Longtime Memphis city government official Ken Moody launched his campaign for the Democratic nomination for Shelby County mayor Thursday with criticism of current and recent administrations, saying the county must do better.
"As I was able to have a front row seat in city government and acknowledge and see the areas and challenges that city government faced, the one area I saw that lacked the commitment and service to move the city forward was in the county mayor’s office," Moody said.
Moody, who is a special assistant to Memphis Mayor Jim Strickland, is also a former University of Memphis basketball player. He previously served in former Memphis Mayor Willie Herenton's administration, working as the director of public services and neighborhoods before resigning in 2009.
In 2022, he will challenge incumbent Mayor Lee Harris in the Democratic Primary.
On the Republican side, Memphis City Councilman Worth Morgan has announced he is running for mayor.
Moody turned up the heat on the Harris administration, criticizing Harris on a variety of issues, although not by name.
One issue people are considering is how the current mayor administration handled the COVID-19 pandemic, Moody said, including how Harris visited Ghana in the early days of the virus arriving in Shelby County. The trip was a Memphis in May trip which Harris attended along with other local officials and business leaders and from which he returned once he heard of the first school closures due to COVID-19.
Then, the county was in charge of testing, with lines often stretching for hours, Moody said. Later, the county became responsible for vaccine distribution, a responsibility they were ultimately stripped of by the state after issues with wasted doses and inadequate handling procedures.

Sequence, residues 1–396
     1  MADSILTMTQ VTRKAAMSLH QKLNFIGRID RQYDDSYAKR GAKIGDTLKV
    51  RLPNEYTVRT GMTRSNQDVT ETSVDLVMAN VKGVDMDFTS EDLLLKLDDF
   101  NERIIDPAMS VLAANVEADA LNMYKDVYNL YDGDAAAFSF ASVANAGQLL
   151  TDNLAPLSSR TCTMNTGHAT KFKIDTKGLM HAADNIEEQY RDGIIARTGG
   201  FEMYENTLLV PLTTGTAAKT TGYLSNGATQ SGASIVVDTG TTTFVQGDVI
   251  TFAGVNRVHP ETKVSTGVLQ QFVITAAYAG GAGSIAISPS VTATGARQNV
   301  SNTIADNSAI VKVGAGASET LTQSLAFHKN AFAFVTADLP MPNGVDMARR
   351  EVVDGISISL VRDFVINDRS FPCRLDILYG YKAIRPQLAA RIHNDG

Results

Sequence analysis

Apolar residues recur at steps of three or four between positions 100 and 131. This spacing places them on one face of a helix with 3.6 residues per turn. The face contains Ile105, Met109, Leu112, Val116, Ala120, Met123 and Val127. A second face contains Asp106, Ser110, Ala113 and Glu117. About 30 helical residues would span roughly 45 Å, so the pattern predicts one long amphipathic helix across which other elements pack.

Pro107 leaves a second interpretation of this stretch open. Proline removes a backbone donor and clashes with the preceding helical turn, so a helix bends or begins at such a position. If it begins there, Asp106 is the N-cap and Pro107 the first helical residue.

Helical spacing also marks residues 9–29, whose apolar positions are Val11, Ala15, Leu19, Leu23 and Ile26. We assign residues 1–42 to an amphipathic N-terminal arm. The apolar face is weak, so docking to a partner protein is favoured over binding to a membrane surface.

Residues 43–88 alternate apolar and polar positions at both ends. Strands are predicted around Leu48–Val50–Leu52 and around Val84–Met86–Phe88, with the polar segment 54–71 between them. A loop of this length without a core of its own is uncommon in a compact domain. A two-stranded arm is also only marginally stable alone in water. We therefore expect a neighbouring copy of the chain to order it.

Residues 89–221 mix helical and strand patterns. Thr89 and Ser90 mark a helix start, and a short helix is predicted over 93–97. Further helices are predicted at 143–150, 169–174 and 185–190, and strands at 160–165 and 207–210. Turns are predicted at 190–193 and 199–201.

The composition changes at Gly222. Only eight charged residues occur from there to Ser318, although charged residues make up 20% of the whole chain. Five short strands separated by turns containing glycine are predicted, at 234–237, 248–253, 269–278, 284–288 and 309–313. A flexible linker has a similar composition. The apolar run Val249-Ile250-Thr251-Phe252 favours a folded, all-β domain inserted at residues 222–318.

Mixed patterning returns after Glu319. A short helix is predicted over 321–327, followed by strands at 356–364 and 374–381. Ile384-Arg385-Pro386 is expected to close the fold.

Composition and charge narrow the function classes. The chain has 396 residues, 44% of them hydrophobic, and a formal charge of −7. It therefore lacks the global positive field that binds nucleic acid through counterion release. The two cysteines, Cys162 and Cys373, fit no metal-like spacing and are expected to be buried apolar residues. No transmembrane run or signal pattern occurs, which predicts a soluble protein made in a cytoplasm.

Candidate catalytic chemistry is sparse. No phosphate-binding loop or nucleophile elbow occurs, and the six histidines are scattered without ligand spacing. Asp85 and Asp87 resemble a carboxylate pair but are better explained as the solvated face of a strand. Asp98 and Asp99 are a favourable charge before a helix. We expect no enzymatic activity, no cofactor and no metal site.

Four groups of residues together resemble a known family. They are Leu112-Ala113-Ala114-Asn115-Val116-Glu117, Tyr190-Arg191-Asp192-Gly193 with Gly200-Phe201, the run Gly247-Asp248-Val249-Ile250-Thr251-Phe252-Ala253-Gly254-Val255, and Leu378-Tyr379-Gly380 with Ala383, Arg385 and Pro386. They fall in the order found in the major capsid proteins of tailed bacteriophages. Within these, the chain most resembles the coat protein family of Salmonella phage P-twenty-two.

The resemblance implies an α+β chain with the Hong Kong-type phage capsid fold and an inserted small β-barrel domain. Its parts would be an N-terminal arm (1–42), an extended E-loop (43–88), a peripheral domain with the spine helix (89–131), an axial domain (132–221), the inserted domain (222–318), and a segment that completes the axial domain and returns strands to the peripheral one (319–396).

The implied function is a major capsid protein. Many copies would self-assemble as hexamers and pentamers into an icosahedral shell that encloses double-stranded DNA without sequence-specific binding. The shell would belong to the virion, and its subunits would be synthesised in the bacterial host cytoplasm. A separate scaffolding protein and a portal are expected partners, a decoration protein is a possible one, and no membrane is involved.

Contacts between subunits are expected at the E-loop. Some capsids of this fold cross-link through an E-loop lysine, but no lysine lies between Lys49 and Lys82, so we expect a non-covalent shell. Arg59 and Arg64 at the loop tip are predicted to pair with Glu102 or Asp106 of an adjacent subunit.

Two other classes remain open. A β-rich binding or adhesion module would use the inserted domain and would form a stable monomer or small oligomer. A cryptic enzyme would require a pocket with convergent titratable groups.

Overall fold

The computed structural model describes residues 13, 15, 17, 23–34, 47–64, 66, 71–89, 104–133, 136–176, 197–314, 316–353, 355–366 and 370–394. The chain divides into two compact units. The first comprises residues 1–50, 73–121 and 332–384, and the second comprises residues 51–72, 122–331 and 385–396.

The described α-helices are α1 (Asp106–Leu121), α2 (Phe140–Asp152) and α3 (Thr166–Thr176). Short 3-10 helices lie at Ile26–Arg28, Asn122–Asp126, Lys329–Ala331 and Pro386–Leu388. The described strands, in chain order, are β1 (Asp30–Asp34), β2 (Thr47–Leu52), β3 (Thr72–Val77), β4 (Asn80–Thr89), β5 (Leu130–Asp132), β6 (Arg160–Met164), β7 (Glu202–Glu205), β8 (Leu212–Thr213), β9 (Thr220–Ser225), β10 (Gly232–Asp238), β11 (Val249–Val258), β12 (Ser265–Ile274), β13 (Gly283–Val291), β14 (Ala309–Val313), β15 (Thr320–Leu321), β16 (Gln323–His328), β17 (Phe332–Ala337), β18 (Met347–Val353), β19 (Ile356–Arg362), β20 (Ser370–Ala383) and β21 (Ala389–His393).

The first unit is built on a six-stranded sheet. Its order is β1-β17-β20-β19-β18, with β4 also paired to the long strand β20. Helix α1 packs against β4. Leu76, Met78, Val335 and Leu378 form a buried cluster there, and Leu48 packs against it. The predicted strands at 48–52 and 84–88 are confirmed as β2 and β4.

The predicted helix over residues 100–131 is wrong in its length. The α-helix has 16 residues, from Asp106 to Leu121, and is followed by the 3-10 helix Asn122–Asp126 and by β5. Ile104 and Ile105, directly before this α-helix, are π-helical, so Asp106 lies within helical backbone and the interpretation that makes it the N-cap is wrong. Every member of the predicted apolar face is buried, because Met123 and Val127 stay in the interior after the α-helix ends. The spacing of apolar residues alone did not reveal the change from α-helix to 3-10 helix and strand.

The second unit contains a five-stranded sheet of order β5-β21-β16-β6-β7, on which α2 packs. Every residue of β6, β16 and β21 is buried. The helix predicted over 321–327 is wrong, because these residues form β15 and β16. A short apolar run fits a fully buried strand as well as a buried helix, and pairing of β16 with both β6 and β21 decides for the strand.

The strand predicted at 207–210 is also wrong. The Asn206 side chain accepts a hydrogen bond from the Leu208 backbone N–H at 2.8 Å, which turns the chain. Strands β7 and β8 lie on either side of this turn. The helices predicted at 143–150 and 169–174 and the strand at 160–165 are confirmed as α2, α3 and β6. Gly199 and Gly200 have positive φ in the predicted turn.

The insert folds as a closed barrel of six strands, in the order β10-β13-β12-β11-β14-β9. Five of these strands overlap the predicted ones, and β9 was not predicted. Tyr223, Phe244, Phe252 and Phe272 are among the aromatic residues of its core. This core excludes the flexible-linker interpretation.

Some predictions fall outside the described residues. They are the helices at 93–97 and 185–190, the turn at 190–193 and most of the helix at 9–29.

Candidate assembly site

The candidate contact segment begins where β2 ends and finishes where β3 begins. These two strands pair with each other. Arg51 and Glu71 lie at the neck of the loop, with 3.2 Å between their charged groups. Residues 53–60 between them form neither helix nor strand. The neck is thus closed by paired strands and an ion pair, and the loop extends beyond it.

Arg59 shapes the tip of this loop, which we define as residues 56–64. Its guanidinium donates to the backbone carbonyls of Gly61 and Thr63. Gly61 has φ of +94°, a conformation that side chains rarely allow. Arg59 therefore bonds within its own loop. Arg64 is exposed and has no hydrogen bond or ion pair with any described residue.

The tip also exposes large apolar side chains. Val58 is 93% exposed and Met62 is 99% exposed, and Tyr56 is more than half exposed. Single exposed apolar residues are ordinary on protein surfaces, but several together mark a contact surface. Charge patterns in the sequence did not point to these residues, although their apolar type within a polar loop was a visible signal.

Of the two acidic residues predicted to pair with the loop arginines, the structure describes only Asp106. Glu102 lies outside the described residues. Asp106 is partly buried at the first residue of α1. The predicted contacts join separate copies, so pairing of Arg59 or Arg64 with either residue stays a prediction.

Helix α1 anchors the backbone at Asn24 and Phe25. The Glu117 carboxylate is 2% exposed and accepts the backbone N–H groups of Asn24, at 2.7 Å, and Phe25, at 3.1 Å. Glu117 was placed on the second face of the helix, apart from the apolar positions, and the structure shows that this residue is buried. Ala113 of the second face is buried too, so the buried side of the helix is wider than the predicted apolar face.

"I think we’re all going to come out of this pandemic and move forward," Moody said. "I don’t want to make this pandemic political, but it shows a lack of leadership that took place. … That one time when county government should have stepped in and taken over they failed.”
Moody also stressed that the county mayor must take the lead in economic development, and in bringing together crime agencies from different municipalities to craft a crime prevention plan for the entire county.
"You're going to get that from our administration," he said.
The county mayor also can't have an antagonistic relationship with the commission, he said.
Moody was introduced by Vickie Finch, wife of the late Larry Finch, a legendary player and coach for the University of Memphis men’s basketball team.
Larry Finch coached Moody when Moody was a basketball player at the UofM.
Vickie Finch recalled how Moody helped care for her husband when he was ailing during his last years of life.
“When I was at my lowest point, Kenny was one of those people who came to my rescue once Larry’s health failed him. I didn’t call for him, I didn’t ask for help. I had no idea that he would be the one to come and say Ms. Finch, what do you need? What is there that I can do to help you? He won my heart that day.”
If elected as county mayor, Moody will “do everything he can” to take on the whole city, she said.
In his announcement, Moody drew several times on his faith as well as his upbringing in South Memphis as the youngest of 11 children born to a single mother.
"Any decision I make will be based on prayer with the Lord and knowing that I'm doing what he has led me to do," Moody said. "This opportunity isn't about me. The bulk of my professional service has been in city government, for 20 years, and God has blessed me with positions to serve. We're at this moment in time now for me to continue that service but at a different level."
Katherine Burgess covers county government and religion. She can be reached at firstname.lastname@example.org, 901-529-2799 or followed on Twitter @kathsburgess.
This article originally appeared on Memphis Commercial Appeal: Ken Moody launches campaign for Shelby County mayor